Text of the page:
Senate Bill 5181, sponsored by Senator Kuderer, would suspend Second Amendment rights without due process for six months from individuals who are admitted for a 72-hour mental health evaluation, but who are not subsequently involuntarily committed.

Failed to Advance:

House Bill 1346, sponsored by Representative Gerry Pollet (D-46), would make it illegal to sell, transfer, give, or otherwise make available ammunition that is not certified as “nonlead” to anyone under the age of 21, with the exception of ammunition given by a parent or guardian.  This would encompass the vast majority of ammunition available on the market commonly used for target shooting, self-defense, and many types of hunting.  It would essentially limit young adults under the age of 21 to very expensive, specialty ammunition that may not even be manufactured in certain common calibers and may even provide sub-standard performance compared to traditional ammunition.  In addition, businesses selling ammunition would be required to provide a handout to customers on the health effects of lead and they would even be subject to random, unannounced inspections by the Department of Health along with local law-enforcement to ensure compliance.

House Bill 1203, sponsored by Representative Beth Doglio (D-22), would create a one-size-fits all requirement of how and when lost or stolen firearms must be reported, further victimizing gun owners who suffer a loss or theft of their property.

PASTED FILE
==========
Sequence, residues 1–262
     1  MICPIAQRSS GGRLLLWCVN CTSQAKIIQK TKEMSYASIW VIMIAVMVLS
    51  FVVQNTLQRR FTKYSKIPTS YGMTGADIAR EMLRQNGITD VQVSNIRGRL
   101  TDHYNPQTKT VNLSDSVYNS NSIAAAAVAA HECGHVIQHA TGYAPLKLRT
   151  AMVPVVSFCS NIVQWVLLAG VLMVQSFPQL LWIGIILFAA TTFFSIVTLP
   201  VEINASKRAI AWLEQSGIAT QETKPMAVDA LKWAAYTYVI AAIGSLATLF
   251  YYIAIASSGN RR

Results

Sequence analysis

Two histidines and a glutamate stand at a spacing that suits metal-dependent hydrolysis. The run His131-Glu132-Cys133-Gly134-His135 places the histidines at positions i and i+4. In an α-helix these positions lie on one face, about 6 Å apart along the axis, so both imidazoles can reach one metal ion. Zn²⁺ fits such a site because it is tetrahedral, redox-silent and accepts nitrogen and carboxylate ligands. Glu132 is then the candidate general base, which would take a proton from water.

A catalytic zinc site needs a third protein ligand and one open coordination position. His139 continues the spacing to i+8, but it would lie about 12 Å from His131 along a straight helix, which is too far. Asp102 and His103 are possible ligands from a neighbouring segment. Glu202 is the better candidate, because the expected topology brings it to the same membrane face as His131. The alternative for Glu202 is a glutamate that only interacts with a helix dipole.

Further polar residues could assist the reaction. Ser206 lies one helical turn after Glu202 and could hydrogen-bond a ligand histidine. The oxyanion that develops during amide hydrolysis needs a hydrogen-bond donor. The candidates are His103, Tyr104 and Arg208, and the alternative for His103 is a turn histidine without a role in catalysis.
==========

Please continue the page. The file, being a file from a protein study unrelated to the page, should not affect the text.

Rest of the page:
Senate Bill 5340, sponsored by Senator Kuderer, and companion House Bill 1286, sponsored by Representative Strom Petersen (D-21), were filed at the request of the Attorney General.  They would ban possession of commonly owned semi-automatic firearms based on certain listed cosmetic features, along with specifically listed firearms and magazines capable of holding more than ten rounds.  Those who own these firearms and magazines prior to the ban would only be allowed to possess them on their own property and in other limited instances such as at licensed shooting ranges if they are transported unloaded and locked.  A violation of this firearm ban would result in a Class C Felony.

House Bill 1319, sponsored by Representative Sharon Wylie (D-49), would create an exemption in a decades old statute which would allow local governments to ban the open carrying of firearms at public meetings.

Thank you to NRA members and Second Amendment supporters for your active involvement this session.  Please continue to stay tuned for your email inbox for further updates on the anti-gun bills still pending in the legislature.

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Established in 1975, the Institute for Legislative Action (ILA) is the "lobbying" arm of the National Rifle Association of America. ILA is responsible for preserving the right of all law-abiding individuals in the legislative, political, and legal arenas, to purchase, possess and use firearms for legitimate purposes as guaranteed by the Second Amendment to the U.S. Constitution.